I'm wondering what is current state of the art of Substrate's pallet-contracts performance as compared to the same functional implementation as a pallet.

I acknowledge that different logic can have different cost, but it would still be useful to know if it is 2x inherently slower, 10x, 100x... It would help others to make a decision whether this is definitely not acceptable overhead or something that can be considered.

Specifically I'm curious about the cost without gas metering enabled, to get a sense of the baseline. Roughly the cost of running wasmi on top of wasmtime rather than natively, but I wasn't able to find benchmarks of those either.

1 Answer 1


Smart contracts via pallet-contracts are run using a Wasm interpreter, namely wasmi, while native pallets are run via Wasm JIT, namely Wasmtime, (or native).

Therefore the underlying question is: What is the performance difference between the wasmi interpreter and the Wasmtime JIT or native code.

For this I collected some benchmarks in the past using Coremark utilities. The scores can be used as a linear comparison of performance. They are depending on the system the tests ran on but allow for comparison if run on the same platform.

The scores indicate the following relations:

  • wasmi is roughly 1.6% the performance of native code
  • wasm3, the fastest known Wasm interpreter is roughly 8% the performance of native code.
  • Wasmtime JIT is roughly 50% of the performance of native code.

We are currently working on speeding up our wasmi interpreter but there are no results, yet. The wasm3 performance is quite impressive for an interpreter and we will probably not surpass it but hopefully come close to it.

There is also work done to use Wasmer singlepass as another execution engine for pallet-contracts which is roughly 50% the performance of Wasmtime and therefore ~25% of native code. However, this work is very experimental as of now.

  • As I mentioned in initial question, I don't think it is just wasmi vs wasmtime, it is wasmi under wasmtime specifically, so baseline is not 100% of native for it, but 50% of wasmtime itself. Not sure if wasmi performance should be roughly halved in that case or is there anything else that causes even more overhead.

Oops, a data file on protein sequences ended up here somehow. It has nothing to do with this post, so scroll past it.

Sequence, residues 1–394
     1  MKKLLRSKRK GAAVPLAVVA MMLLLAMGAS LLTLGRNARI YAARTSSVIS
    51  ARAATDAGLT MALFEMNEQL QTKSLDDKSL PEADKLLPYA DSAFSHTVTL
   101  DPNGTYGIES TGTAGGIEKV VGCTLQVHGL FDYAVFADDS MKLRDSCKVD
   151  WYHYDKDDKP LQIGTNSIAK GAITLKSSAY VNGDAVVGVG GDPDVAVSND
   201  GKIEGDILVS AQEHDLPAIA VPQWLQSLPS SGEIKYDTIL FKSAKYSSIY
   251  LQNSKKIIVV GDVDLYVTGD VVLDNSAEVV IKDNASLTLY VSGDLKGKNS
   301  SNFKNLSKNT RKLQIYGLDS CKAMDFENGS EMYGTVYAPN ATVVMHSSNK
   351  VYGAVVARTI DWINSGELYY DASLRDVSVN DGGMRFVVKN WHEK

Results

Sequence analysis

– nazar-pc
    Commented Mar 31, 2022 at 18:50
  • BTW, there is work ongoing for enabling wasmer singlepass, which is much faster than interpreters and still not susceptible for JIT bombs, but that is a future, not present.
    – nazar-pc
    Commented Mar 31, 2022 at 19:07
  • Wasmer singlepass integration is experimental. The tradeoff between Wasmer singlepass and wasmi ist not only the Wasm execution performance but also the compilation performance. The compilation performance of the Wasm runtime is especially important since smart contracts usually are very tiny scripts that do not compute a lot due to gas costs. Therefore costs of compilation is significant. In past experiments we found that the compilation overhead of Wasmer singlepass is 30% higher than with wasmi.
    – Robin
    Commented Apr 1, 2022 at 10:28

Your Answer

By clicking “Post Your Answer”, you agree to our terms of service and acknowledge you have read our privacy policy.

Not the answer you're looking for? Browse other questions tagged or ask your own question.